As the sun retreated behind the horizon, every hole in the sand, every leaf in the undergrowth began to murmur, and slowly move, like zombies awakening from a graveyard, they materialised.

At first, our primitive excuses for beds were a mere two or three palm leaves stacked on top of each other, split down the middle and turned inwards to make a mattress (take that word loosely) about the width of a stretcher.

The crabs loved hiding in these. I woke up at least a dozen times a night on the best of occasions; multiple crabs the size of my hand scurrying over my legs, their pincers finding themselves halfway up the old board shorts, only worsened the situation.

You could hear them everywhere, like a really fucking good surround sound system, but you just couldn’t see them.

Sometimes I’d jolt awake, thinking another had run across my foot when it was in fact just a spiky palm frond tickling my ankle. This went on for ten hours a night, for eight nights. The crabs turned out to be just the tip of the iceberg on a nine-day see-saw of ongoing mental mind games.

Routine was probably the last thing I expected to experience on a deserted island. To be perfectly honest, I thought I’d be bored shitless, trying to make a beach cricket set or elaborate sand castles. This was not the case, at least not for the first few days.

We always woke with the sunrise, a pleasant experience that I wouldn’t normally make part of my daily routine. With no curtains or warm blankets to roll over in for another hour’s snooze, we didn’t really have a choice — we found ourselves awake and being productive with the mild temperatures of the mornings.

These first few hours were critical as we’d have more chance of catching fish at dawn than any other time, and we couldn’t catch them before sunset as there wouldn’t be enough light to prepare and cook them safely. So fishing became the priority of the mornings.

It took four days to get our first fish. Four days. Spearfishing, as the primary concept for catching food, was quickly binned, despite sounding like the coolest option to four blokes wanting to go complete Castaway on the experience.

Cost-benefit-wise, however, it wasn’t worth our time. We’d spend hours in the water, wasting vital energy for no guaranteed result, while our morale gradually eroded from failure. Instead, we fashioned our own casting reels from washed-up drink bottles. It was sad to see the amount of rubbish that had found its way onto shore, yet it was met with excitement when we found something useful.

Examining every foreign object on the island evolved into a massive treasure hunt. Among my finds was a Nescafe instant coffee sachet from Indonesia, unopened baby wipes from Chile, plus a 200-litre drum — complete with ropes and barnacles — labelled ‘ASFALTO SANTIAGO.’ I was a bit salty I never found a diving mask with “P. Sherman, 42 Wallaby Way, Sydney” to add to my collection.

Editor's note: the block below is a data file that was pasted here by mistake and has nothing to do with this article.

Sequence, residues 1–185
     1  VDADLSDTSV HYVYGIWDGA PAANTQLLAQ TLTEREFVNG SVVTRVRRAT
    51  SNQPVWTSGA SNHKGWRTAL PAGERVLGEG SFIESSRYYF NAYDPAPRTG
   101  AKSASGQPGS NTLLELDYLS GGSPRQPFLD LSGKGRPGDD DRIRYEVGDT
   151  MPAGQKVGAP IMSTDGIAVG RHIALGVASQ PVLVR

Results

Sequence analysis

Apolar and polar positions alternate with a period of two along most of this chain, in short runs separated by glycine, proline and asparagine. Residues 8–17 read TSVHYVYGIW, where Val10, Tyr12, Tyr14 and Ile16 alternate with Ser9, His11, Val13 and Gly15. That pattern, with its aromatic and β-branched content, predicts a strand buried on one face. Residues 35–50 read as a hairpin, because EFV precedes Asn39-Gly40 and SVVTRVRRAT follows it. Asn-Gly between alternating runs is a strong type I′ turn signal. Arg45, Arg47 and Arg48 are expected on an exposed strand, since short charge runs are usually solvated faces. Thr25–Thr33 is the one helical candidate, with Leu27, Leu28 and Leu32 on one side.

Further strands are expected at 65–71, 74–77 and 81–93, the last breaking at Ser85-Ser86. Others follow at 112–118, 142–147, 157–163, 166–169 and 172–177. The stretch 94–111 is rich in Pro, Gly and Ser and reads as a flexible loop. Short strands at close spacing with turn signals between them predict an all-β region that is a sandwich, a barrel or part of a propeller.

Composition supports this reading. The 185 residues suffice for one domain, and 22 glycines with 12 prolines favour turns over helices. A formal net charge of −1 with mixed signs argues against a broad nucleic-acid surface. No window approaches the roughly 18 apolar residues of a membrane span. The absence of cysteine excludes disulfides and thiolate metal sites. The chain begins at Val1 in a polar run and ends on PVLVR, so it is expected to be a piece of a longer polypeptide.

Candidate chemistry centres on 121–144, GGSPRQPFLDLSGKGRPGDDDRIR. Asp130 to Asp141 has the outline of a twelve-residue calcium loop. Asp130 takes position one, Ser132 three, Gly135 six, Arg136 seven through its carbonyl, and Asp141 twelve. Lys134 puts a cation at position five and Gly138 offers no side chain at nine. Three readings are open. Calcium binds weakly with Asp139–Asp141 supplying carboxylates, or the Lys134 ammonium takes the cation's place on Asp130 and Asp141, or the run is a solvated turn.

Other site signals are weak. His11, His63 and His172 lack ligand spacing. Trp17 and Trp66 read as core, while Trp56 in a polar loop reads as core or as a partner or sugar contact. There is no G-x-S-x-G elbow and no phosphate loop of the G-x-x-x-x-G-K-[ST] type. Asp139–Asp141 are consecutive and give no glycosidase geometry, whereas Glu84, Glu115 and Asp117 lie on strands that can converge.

The drink bottles were the start of this survival mentality; turning rubbish, flotsam and jetsam into game-changing survival tools. After wrapping fishing line around the bottles, we’d tie it off on the neck and carve a hole in a piece of coral to use as a weight on the opposite end. All we had to do was crack open a hermit crab’s shell, throw him on the rusty hook and toss the weight out to sea. The line would fly off like a normal fishing cast and we’d reel it in immediately to tease the fish with moving bait.

For four days, I didn’t catch a goddamn thing, casting dozens of lines at sunrise and sunset. Normally, frustration would get the better of me in this situation, but with our stomachs shrinking rapidly and no guaranteed meal in days, I didn’t have a choice. Then one afternoon, almost at breaking point, I caught three fish in about 10 minutes.

Ecstatic from my maiden catch and hustling to get the strikingly colourful — yet incredibly tough — Parrotfish I had just caught prepped for cooking before sundown, I wandered to the water’s edge to clean my knife. As I knelt down, I noticed a large, sand-coloured octopus laying incognito about a metre and a half off to my right, partially submerged along the waterline. It took me a moment to realise what it was, as after no progress catching food, suddenly everything was happening at once.

I shouted to one of the boys to come running with the spear, and as he handed it to me, the octopus darted towards a nearby rock. I threw it down with as much force as I could possibly muster, clipping a tentacle just before it found safety under the coral. Huge pools of black ink stained the pristine water, but when it dissipated, the octopus was gone. I played cat and mouse with that octopus for the rest of my time on the island.

Sourcing food was an ongoing tug-of-war with nature, so we were extremely lucky that the issue of water was a challenge promptly solved by tropical showers on Day Two and three. Our tarp became a catchment and we’d funnel the water droplets to the centre, which would eventually become a trickle and this trickle found its way into empty water bottles or coconut shells. We collected about four or five litres of water from this method which we stored and alternated between the coconut juice.

No artificial lighting was one of the biggest shocks to the system. You take for granted how much your daily life is illuminated by light bulbs. Come 8 PM, when the sun had well and truly set and dinner was cooked (usually just slivers of a single, potato-like root plant between four), we’d have to let the fire die out to conserve firewood. This meant we had two options: try to sleep (and let the crabs keep you from getting anything longer than 30 minutes at a time), or lie on the far end of the island and stare at the stars.